Also, remember that it takes a little time for the electric pressure cooker to come to temp and then begin the counting down process.

Even though I’ve set the cooking time for twenty-five minutes, the over-all cooking time is closer to thirty-five or forty minutes to allow the device to come to pressure.

Electric pressure cooker beginning the countdown after coming to pressure.

I also let the pressure naturally release on its own for ten to fifteen minutes after the time’s up before giving a manual quick release.

Ribs finished cooking in an electric pressure cooker.

The ribs are pretty much good to go straight from here at this point, and you can still see all the spices from the marinade in the bag. They’re full of flavor!

Close up shot of ribs after they finished cooking in an electric pressure cooker.

Ribs finished cooking in the electric pressure cooker.

BUT, I like to give pressure cooker ribs just a little more kick by adding a layer of BBQ sauce on top and then broiling them for two minutes in the oven.

Ribs coated in BBQ sauce ready to be broiled.

The sugars in the BBQ sauce caramelize just a bit to create a sweet crust that goes perfectly with the savory, full flavor of Hatfield® Marinated Pork Ribs.

BBQ ribs pulled from under the broiler and ready to eat.

Serve these pressure cooker ribs with scalloped potatoes, oven-made french fries or a few ears of corn-on-the-cob!

Tender pressure cooker ribs ready to eat on a baking sheet after being broiled.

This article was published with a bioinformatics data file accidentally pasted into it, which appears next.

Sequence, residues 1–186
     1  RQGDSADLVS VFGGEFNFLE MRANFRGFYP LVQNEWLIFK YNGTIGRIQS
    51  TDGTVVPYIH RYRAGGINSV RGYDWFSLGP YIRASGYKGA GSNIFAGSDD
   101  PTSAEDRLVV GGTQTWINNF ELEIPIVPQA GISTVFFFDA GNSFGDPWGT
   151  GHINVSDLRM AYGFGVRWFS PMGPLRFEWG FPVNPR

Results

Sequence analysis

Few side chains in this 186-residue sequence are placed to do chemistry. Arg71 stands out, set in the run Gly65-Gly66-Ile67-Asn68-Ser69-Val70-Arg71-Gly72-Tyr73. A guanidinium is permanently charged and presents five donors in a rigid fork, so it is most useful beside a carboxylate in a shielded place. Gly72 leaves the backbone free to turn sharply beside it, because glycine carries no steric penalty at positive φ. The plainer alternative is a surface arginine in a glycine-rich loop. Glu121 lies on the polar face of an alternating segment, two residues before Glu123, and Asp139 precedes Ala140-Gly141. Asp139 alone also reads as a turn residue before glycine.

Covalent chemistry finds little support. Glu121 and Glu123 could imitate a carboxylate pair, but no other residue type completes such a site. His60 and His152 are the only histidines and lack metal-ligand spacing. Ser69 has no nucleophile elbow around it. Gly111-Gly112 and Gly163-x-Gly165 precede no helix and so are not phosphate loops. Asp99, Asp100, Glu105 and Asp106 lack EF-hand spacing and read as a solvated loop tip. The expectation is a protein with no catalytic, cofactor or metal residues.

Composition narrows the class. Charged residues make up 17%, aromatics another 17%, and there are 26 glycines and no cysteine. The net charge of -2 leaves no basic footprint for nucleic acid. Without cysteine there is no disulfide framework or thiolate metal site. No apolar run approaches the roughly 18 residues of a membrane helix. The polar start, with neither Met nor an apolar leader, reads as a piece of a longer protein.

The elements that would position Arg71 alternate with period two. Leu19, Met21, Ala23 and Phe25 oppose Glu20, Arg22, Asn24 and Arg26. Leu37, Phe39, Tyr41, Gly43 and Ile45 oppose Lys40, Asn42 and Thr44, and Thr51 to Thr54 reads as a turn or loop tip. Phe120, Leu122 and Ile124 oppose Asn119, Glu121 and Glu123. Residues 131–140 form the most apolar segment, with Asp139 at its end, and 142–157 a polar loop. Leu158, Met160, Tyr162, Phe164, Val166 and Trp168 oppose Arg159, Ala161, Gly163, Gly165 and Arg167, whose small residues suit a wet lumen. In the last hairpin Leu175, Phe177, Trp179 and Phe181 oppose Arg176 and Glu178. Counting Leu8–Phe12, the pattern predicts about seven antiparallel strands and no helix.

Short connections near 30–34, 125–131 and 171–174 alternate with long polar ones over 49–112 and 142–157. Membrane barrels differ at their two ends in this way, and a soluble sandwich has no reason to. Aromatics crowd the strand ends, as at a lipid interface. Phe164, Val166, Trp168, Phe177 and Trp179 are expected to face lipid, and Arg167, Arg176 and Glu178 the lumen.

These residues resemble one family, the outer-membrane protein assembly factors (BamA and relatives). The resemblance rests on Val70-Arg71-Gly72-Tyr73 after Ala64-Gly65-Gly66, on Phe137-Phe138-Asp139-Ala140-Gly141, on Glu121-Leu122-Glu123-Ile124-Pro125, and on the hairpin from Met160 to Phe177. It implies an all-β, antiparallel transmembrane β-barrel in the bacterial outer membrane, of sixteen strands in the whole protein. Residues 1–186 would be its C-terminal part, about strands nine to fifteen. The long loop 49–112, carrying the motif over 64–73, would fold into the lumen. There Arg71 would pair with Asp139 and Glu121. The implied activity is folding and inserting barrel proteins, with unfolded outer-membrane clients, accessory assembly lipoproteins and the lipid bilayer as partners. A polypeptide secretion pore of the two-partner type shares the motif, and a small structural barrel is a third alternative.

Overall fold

Pressure Cooker Ribs

Yield: 2-4
Prep Time: 15 minutes
Cook Time: 27 minutes
Additional Time: 10 minutes
Total Time: 52 minutes

These pressure cooker ribs are full of flavor and simple to make, even on a weeknight.

Ingredients

  • 1 package pork baby back ribs
  • 1-1/2 cups water
  • 1 tablespoon sea salt
  • 1 tablespoon chili powder
  • 1 tablespoon onion powder
  • 1 teaspoon garlic powder
  • 1 teaspoon paprika
  • 1/4 cup BBQ sauce (optional)

Instructions

  1. Lay the ribs flat on a paper towel and pat them dry.
  2. Mix the salt, chili powder, onion powder, garlic powder and paprika together and coat the ribs on both sides.*
  3. Bend the ribs into a semi-circle shape, bone side out, and place them upright into the metal insert of a 6- or 8-quart electric pressure cooker.
  4. Pour the water into the bottom of the metal insert.
  5. Secure the lid and set to cook on manual/high for 25 minutes.
  6. Once done, let the pressure release naturally for at least 10 minutes, then do a manual release to finish.
  7. Meanwhile, preheat the oven broiler on high and cover a baking sheet with foil.
  8. Carefully remove the ribs with tongs from the pressure cooker to lay flat, bone side down, on the baking sheet.
  9. Coat the top and sides with BBQ sauce then place the ribs on a rack in the oven that's 6" from the broiler and let them cook for 2 minutes (or until the top looks bubbly and caramelized).
  10. Serve immediately.

Notes

*If you use a pre-seasoned package of ribs like Hatfield® Marinated Pork Ribs, you can skip step two.

Nutrition Information:
Yield: 2 Serving Size: 1
Amount Per Serving: Calories: 124Total Fat: 6gSaturated Fat: 2gTrans Fat: 0gUnsaturated Fat: 2gCholesterol: 18mgSodium: 386mgCarbohydrates: 14gFiber: 0gSugar: 12gProtein: 4g

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Hi, I'm Liza, a self-proclaimed word-nerd who loves getting sucked into whimsical stories and epic movies. I have laid-back, practical attitude towards life, and as a foodie at heart, I relish the chance to both cook and eat. (No picky-eater here!) I'm always on the hunt for the perfect mojito, inspiration for another tattoo and time to finish my novel.